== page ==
November 08, 2022 13:14
North Korea on Monday claimed it fired two cruise missiles into international waters off the South Korean port city of Ulsan on Nov. 2.
At the time, the North Korean military fired a ballistic missile across the Northern Limit Line, the de facto maritime border, into the East Sea, and the South Korean Air Force fired three air-to-surface missiles across the NLL in response.
"The enemy returned the fire to the open seas of our sides... [we] made a retaliatory attack with two strategic cruiser missiles to the open sea in the waters 80 kilometers off Ulsan... with the range of 590.5 kilometers from an area of North Hamgyong Province," state media cited the North Korean Army's General Staff as saying.
It even published coordinates of a point on the high seas between Ulsan and Japan, claiming that was where the cruise missiles dropped.
But the Joint Chiefs of Staff here deny having any record of the firing. The JCS said no North Korean cruise missiles were detected either by South Korea or by the U.S.
There was certainly no official announcement here at the time. If the North's claim turns out to be true, this would raise serious questions about South Korea's defenses and how the military here handles such incidents.
But the JCS insisted it is not. "The North's claim is untrue according to analysis by South Korean and U.S. surveillance and reconnaissance assets," it said Monday. "No North Korean cruise missiles dropped into waters off Ulsan on Nov. 2."
"It was confirmed that the North fired four ballistic missiles and about 100 artillery shells on Nov. 2," a military officer here also said. "But no cruise missiles were detected at all."
The claim loses credibility in light of other tall stories published by the regime. The North Korean military command also claimed it mobilized "500 fighters of different kinds" and test-fired a ballistic missile "to verify the reliability of performance of warhead for special function paralyzing the enemy's operation commanding system."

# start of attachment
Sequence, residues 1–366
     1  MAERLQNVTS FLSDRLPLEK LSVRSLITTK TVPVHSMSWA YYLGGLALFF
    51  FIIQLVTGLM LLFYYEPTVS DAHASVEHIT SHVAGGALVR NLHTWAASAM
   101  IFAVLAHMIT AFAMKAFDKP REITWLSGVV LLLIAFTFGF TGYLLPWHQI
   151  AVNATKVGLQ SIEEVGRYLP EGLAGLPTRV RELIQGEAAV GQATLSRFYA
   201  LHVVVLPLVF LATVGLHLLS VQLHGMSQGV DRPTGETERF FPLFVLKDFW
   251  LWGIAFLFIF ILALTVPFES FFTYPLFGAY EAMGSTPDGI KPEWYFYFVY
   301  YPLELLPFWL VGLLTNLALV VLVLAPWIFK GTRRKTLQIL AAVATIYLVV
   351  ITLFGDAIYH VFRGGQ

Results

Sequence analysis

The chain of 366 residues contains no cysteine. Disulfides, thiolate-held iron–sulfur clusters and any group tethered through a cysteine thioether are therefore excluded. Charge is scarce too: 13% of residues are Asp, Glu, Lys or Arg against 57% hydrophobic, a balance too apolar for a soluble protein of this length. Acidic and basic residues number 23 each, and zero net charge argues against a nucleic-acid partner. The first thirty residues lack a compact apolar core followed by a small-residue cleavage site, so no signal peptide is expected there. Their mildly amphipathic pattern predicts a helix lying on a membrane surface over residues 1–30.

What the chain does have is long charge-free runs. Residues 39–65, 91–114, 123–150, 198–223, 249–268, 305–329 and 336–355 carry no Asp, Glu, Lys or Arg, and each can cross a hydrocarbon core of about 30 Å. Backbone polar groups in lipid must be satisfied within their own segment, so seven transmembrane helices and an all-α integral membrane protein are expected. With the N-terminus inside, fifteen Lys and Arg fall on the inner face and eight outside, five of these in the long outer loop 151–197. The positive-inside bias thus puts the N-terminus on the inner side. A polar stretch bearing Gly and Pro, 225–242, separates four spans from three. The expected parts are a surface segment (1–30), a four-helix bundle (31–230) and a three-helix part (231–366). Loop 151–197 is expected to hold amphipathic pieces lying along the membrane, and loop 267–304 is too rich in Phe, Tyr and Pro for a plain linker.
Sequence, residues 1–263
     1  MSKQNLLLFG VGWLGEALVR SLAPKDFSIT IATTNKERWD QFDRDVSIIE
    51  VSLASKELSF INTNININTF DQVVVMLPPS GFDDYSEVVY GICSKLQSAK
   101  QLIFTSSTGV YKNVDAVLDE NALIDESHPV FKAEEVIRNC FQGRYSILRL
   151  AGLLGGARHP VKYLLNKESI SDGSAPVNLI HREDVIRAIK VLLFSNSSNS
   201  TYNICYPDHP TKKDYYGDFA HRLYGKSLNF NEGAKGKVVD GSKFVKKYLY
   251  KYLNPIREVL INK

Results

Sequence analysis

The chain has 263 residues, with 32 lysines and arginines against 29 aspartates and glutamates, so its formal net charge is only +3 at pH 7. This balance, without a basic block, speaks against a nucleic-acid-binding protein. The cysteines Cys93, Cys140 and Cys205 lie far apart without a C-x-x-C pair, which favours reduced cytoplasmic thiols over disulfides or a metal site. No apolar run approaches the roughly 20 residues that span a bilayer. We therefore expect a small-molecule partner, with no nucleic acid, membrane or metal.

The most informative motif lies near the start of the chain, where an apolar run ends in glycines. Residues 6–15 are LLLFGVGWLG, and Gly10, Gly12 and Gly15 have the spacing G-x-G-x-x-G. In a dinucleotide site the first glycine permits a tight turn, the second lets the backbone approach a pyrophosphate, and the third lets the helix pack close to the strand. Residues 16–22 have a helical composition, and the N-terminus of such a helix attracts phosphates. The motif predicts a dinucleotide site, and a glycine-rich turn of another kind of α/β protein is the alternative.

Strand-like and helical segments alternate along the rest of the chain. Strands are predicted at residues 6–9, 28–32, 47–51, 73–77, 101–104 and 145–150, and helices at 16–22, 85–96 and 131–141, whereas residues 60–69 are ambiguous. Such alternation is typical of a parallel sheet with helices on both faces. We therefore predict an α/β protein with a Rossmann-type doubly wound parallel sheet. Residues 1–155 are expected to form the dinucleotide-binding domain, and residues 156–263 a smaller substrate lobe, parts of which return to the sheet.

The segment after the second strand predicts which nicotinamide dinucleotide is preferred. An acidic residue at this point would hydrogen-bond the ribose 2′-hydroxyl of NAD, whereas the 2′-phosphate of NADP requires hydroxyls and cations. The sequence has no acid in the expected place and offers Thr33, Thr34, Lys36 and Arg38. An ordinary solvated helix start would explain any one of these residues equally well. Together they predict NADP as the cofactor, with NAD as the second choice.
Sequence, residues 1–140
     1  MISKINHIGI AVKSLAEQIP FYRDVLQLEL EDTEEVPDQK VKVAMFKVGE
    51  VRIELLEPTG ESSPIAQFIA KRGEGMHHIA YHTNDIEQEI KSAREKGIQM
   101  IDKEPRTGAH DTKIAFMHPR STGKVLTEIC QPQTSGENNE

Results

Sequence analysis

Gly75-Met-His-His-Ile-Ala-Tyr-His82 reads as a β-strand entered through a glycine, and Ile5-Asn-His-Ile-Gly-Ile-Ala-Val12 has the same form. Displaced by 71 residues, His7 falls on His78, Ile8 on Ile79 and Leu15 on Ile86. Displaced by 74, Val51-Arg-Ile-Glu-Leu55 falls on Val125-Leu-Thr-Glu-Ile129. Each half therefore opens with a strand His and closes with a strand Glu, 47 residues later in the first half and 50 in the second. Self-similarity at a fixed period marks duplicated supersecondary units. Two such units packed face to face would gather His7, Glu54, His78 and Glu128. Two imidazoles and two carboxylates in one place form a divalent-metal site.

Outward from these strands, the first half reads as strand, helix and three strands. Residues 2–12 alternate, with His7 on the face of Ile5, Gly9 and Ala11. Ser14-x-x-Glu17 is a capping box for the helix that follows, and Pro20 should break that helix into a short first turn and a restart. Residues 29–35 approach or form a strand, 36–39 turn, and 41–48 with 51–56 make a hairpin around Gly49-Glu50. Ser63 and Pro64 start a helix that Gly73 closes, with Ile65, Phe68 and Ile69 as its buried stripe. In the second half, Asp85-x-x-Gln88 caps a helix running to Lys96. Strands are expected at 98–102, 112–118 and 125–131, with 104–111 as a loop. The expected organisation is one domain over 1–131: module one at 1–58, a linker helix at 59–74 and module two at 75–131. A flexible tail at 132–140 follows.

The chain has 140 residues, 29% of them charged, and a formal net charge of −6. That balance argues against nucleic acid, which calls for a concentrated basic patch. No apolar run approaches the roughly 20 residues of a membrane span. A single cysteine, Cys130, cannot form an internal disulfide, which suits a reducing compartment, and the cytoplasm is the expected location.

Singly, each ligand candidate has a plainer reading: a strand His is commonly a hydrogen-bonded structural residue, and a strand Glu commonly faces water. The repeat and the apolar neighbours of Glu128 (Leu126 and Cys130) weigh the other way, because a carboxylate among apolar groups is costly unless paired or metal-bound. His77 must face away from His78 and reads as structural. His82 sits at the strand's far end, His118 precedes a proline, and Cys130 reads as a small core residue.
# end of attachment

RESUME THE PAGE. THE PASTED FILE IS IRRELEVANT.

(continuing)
But the North is incapable of mobilizing such a large number of fighter jets, and its jets made only 180 sorties in total, according to South Korean analysis.
The North's claim about the missile that would "paralyze" the operation command was illustrated with what is believed to be a Hwasong-15 missile.
But in fact, the North launched a Hwasong-17 missile that fizzled in mid-flight and dropped into the water.
"The announcement was carried in the Rodong Sinmun, which targets North Korean readers," a security official here said. "It's possible that they exaggerated their military accomplishments for domestic propaganda purposes."
Another possibility is that the North is intentionally spreading misinformation. On Oct. 8, the regime claimed it had conducted "massive air attack training" by mobilizing some 150 warplanes. But in fact it mobilized only about 40 aircraft, some of which crashed.
But the announcement, whether true or not, bodes ill for future provocations. On Nov. 2, a North Korean ballistic missile flew across the NLL in the direction of Ulleung Island for the first time since the Korean War. It triggered an air-raid alarm and sent islanders scurrying for shelter.
Meanwhile, the JCS says it has recovered debris from another missile, which the North fired into waters off Sokcho, Gangwon Province on Nov. 2, from the ocean floor with an unmanned underwater vehicle.
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